It’s important to remember the sunscreen when you are around the water; but don’t think you have to get special children’s sunscreen for kids. There’s no difference between sunscreen for adults and children. Darrell Bruvelaitis

Stay safe in the sun this summer

Dr. Harvey Lui has some tips for protecting your skin, and busts a few myths about tanning.

“The phrase ‘healthy tan’ is an oxymoron,” says Dr. Harvey Lui. “A tan is a sign that you’ve damaged your skin. Your body responds to that injury with a tan as a way of repairing the skin.”

Lui—a medical dermatologist with the BC Cancer Agency and a professor of dermatology and skin science at UBC—says that there are several myths about staying safe in the sun, one of which is that if you get a sunburn at the beginning of the summer season, you will then tan and be okay; hence his caution that there is no such thing as a healthy tan. “A sunburn is nature’s warning that you shouldn’t be doing this.”

Another myth is that if the sky is cloudy, the weakened sunlight will not be damaging to your skin. “There is a significant amount of UV [ultraviolet] rays still reaching the earth. And if it’s cold, people might let their guard down. If it’s sunny but cold there’s still a risk, because it’s the invisible UV rays damaging the skin, not the heat.”

Lui says that it takes decades for skin cancer to develop, and that the damage starts in childhood. “It’s really important for people to realize that research is showing that the risk of developing melanoma [a malignant tumour] correlates with the sun you got early in life.

“With early sun exposure, such as a few bad burns or tanning, the cells get damaged. It takes decades for the cancer to develop, so parents need to protect their children. Even if everyone started practising good sun prevention today, we would still be seeing an increase in skin cancer for the next 20 to 40 years.”

Being in or around water during summer—whether it be a pool, lake, river, or ocean—means people need to take extra precautions to keep their skin safe. “If you’re by a pool, say, on a sunny day you’re getting lots of sun on your skin, and you could also be getting a reflected dose of light off the water.”

Anyone going in the water needs to apply sunscreen before they do so. “The sun’s rays can penetrate the water, and when your head is above the water you’re getting the sun plus a reflection from the water.” Sunscreen also needs to be reapplied when you come out of the water.

When it comes to sunscreen, Lui says a common error is not applying enough. “People often use only a quarter or half as much as they need.” And while people are pretty good about applying sunscreen to their face, they often forget to put it on their ears, behind their ears, and on the back of their neck.

He recommends that people look for a sunscreen with an SPF [sun protection factor] of 30 or higher. “Thirty is the bare minimum; as high as 50 or 60 is even better. It’s not more expensive.”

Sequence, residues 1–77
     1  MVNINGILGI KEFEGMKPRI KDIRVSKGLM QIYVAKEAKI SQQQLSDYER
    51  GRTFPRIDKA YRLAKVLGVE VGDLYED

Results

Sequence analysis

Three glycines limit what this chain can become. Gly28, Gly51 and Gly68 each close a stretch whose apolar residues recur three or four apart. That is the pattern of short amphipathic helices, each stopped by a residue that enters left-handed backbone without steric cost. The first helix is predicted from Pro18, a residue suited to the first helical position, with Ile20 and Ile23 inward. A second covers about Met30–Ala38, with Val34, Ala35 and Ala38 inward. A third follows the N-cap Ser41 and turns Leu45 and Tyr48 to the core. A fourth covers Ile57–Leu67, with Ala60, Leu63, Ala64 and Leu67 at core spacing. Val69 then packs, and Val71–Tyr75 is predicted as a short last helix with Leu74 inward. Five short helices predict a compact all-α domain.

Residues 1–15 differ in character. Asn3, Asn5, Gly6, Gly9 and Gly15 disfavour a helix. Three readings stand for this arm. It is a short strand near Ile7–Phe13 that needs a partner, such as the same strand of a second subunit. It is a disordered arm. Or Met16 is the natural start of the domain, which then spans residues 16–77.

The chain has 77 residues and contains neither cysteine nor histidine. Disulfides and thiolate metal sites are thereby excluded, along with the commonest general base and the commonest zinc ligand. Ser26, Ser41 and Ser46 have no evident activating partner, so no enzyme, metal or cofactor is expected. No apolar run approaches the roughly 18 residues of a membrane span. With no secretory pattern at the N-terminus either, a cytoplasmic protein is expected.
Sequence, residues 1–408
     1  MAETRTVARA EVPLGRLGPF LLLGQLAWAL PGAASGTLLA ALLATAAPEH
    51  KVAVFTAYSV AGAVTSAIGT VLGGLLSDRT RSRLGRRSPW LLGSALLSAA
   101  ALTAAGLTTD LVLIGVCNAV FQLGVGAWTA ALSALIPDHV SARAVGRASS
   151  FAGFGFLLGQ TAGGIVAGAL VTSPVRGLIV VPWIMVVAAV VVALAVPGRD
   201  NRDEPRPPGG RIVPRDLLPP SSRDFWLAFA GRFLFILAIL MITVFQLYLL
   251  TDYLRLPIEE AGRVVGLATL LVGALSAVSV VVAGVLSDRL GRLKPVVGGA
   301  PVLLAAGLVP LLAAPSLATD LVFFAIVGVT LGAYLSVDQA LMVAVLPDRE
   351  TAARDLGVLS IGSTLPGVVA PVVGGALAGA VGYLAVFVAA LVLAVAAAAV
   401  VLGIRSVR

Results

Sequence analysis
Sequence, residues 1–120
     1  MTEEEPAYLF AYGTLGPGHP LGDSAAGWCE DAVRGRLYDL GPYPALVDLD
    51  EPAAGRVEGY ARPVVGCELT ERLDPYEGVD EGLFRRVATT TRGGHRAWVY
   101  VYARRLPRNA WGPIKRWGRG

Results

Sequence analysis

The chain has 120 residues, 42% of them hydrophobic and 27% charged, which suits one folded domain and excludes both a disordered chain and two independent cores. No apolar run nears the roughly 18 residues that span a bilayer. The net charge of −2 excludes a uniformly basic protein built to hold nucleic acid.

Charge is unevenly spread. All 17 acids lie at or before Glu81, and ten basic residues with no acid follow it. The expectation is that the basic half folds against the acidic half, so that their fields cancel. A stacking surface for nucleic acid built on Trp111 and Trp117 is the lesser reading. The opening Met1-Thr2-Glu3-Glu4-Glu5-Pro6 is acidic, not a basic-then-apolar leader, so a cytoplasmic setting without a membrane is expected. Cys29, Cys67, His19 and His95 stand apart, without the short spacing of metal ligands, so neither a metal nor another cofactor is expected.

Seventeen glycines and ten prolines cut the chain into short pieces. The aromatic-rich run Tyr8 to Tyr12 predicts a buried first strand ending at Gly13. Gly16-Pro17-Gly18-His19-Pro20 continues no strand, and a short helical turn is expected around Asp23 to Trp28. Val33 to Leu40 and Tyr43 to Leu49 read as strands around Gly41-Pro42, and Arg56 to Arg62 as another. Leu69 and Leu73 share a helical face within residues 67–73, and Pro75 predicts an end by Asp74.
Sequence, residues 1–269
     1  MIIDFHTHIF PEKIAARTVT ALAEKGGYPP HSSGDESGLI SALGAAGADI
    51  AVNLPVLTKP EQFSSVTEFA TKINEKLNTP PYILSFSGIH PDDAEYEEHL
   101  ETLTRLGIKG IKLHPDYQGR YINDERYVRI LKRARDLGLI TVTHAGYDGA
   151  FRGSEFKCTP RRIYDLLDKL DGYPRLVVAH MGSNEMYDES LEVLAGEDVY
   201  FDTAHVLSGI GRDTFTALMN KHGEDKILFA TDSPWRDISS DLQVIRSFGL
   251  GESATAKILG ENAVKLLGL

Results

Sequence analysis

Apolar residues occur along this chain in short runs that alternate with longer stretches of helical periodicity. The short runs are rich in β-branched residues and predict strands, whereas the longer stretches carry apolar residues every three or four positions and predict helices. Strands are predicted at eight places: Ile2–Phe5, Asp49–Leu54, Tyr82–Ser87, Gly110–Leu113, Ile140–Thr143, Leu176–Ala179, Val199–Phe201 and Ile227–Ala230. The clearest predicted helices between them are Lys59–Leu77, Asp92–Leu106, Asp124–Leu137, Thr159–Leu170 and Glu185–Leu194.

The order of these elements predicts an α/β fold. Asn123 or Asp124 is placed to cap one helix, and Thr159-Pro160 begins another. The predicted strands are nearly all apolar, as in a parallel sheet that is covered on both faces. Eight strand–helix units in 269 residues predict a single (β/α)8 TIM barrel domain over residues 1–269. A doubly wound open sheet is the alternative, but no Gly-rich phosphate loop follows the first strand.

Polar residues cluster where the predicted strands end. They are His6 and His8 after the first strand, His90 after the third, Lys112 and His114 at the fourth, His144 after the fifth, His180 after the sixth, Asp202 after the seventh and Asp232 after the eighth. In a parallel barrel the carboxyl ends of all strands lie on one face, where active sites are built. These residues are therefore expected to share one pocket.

People should also ensure that the sunscreen is a broad spectrum one, covering UVA and UVB rays, and should look for the logo of the Canadian Dermatology Association. “They have reviewed all sunscreens, and feel these ones are effective.”

He adds that any sunscreen that is labelled as being specifically for children is a marketing thing, nothing more. “There’s no such thing as sunscreen for children. There’s no difference. The same sunscreen can be used by everyone in the family.”

Lui also cautions against buying spray-on sunscreen. “Sunscreen in a spray bottle is convenient, but it’s very expensive, because you’re just spraying a lot of it into the air.”

He adds that while some people get anxious about using sunscreen (“They worry about putting chemicals on their skin”), and acknowledges there is a theoretical concern that these materials might cause damage, a person would have to apply gallons of sunscreen to theoretically absorb trace elements of chemicals.

“It’s wiser to protect your skin than to avoid sunscreen.” He notes that sun greatly accelerates the aging process, and increases wrinkles later in life. “I tell people next time they’re in front of a mirror to look at their face and then look at their bum. They’re both the same age, but you don’t get wrinkles on your bum, because it doesn’t get exposed to the sun.”

Since the sun’s rays are strongest between 11 a.m. and 3 p.m., Lui advises people to try to stay out of the sun during those hours. “If you’re a gardener, the nicest time to garden is early in the morning or in the evening. It’s much safer and cooler.” Gardeners should wear a broad-brimmed hat with a brim as wide as their palm extending all around it. “Baseball caps are cool, but they were designed to help a baseball player see better in sunlight, not protect him from the sun.”

Since gardeners are often looking down, they need to apply sunscreen to their ears and neck. Hikers need to pay attention to these areas as well, especially if they are walking with their back to the sun.

Another myth about exposure to the sun surrounds Vitamin D. “Sunlight helps make Vitamin D, but Vitamin D is also available through your diet or in supplements. And people think ‘If some sun is good for Vitamin D, a lot of sun must be better.’ Vitamin D comes in tinted bottles to protect it from the light. Extra Vitamin D is degraded by sunlight, and you will accumulate DNA damage and have a higher risk of skin cancer.”

While some clothing is marketed as being designed to protect the skin from sun exposure, Lui says it’s fine to buy less-expensive clothing that has a nice tight weave.

“The simple rule of thumb is to hold the material up to the light and make sure none gets through. Jeans are a good example; no one gets a tan through jeans.

“Simple things are fine. And common sense is the cheapest thing around.”